Yes, time will tell, because truth will prevail and stand the test of time, and we will know what is from God and what is not.

As for us, we must pray that we will always be able to listen to the voice of God and do His will, so that whatever we do will give glory to God and that He will bless us even as we face difficulties.

Wednesday, April 18, 2012

2nd Week of Easter, Thursday, 19-04-12

Acts 5:27-33 / John 3:31-36       (2016)

To be in the position of power and authority, it is also fundamental and essential to practise justice, integrity and honesty.

That is the very basic requirement for anyone who holds the position of power and authority.

When spiritual authority is combined with political power, then the bar is raised to an extraordinary level.

Simply because the more one has, the more it is required and expected.

In the 1st reading we heard of a face-off between those in power and authority, and those who had nothing to their credit except the testimony of the resurrection.

In the end, those in power and authority were so angered and infuriated that they wanted to put the apostles to death.

Yet the apostles were simply testifying to the truth. In effect they were asking those in power and authority, where was their integrity and where was their honesty and was there justice in what they did and were doing.

The fruits of truth are integrity and honesty and justice. Those are also the fruits of life that will lead us to eternal life with God who is the source of all truth.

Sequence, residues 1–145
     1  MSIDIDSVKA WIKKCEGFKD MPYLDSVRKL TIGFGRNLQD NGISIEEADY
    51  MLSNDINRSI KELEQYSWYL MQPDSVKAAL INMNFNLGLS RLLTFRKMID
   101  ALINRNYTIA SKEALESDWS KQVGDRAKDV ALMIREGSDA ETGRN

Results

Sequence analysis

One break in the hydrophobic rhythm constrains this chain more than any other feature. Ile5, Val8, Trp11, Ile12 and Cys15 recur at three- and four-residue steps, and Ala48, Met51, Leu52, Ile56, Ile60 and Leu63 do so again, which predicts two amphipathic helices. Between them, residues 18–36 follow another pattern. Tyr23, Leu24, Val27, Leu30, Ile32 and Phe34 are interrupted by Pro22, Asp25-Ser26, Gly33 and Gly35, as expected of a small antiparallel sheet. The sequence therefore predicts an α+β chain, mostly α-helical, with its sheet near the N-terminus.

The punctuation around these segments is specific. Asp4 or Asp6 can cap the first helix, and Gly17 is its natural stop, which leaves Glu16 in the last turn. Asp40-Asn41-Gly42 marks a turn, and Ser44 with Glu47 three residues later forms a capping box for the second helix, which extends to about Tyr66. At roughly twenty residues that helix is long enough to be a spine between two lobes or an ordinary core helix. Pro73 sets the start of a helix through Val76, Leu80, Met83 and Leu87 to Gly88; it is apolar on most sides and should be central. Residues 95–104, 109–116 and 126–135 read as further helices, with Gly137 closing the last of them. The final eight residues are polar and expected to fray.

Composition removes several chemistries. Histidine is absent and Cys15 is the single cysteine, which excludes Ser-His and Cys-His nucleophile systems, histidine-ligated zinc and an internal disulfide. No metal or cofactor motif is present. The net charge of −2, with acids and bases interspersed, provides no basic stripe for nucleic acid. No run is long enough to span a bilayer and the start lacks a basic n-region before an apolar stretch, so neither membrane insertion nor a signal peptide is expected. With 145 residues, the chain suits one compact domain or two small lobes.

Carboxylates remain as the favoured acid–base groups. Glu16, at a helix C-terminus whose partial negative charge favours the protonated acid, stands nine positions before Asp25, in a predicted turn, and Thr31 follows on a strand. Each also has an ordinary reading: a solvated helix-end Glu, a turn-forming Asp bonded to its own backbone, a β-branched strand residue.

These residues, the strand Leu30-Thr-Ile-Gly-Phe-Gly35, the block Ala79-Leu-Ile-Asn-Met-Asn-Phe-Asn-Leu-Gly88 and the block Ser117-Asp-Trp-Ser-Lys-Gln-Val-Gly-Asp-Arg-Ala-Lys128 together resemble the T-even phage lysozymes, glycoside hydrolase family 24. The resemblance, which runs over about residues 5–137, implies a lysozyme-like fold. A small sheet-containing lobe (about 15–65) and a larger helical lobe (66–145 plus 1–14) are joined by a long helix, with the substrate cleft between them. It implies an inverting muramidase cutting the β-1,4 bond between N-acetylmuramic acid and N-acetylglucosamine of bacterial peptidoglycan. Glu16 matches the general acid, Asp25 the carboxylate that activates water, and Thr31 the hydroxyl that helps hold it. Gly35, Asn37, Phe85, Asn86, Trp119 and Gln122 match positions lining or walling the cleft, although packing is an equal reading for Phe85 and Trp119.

Today's readings remind those who are in power and authority of their responsibility.

Abuse of power and authority will lead to death which is the fruit of evil.

Whereas when power and authority are used in the service of justice and integrity and honesty will lead to life, which is the gift from God.

Tuesday, April 17, 2012

2nd Week of Easter, Wednesday, 18-04-12

Acts 5:17-26 / John 3:16-21

In the 1st reading we heard that the apostles were arrested and imprisoned in the common jail.

Then at night, the angel of the Lord opened the prison gates and told them to go and preach the Good News.

If we were one of the apostles, would we listen to what the angel was saying?

Or would we be thinking to ourselves - This is just a dream. This is not real. Even if it is true, they will catch me back and even execute me for escaping from prison.

Yes, there is just too much to lose. As it is, listening to God and following His ways and doing His will demands that we empty ourselves in order to be obedient, just as Jesus emptied Himself and was obedient unto death.

But as Jesus said in the gospel, the light has come into the world but men have shown they prefer darkness to the light.

Yes it is strange that though there is light we still prefer the darkness of the prison because our deeds are evil and hence we don't want to come out into the light for fear that our evil deeds should be exposed.

Yet as we have heard Jesus said in the gospel, God sent His Son into the world not to condemn the world but so that through Him the world might be saved.

That is the Good News we must proclaim. But we need to come out of our own created prison first.

May the light of the risen Christ led us out into freedom so that we will proclaim the Good News of His love for the world.

Monday, April 16, 2012

2nd Week of Easter, Tuesday, 17-04-12

Acts 4:32-37 / John 3:7-15       (2019)

We have often heard this statement of faith - With God nothing is impossible. We not only have heard it we have used it even, and most likely on others.

But when we are faced with a task that is beyond our capabilities or can't comprehend it with our logic, then do we really believe that nothing is impossible with God?

From what we heard in the 1st reading, we may comment that it was idealistic. In our current church or parish settings, it would be too naive, if not impossible, to live like that.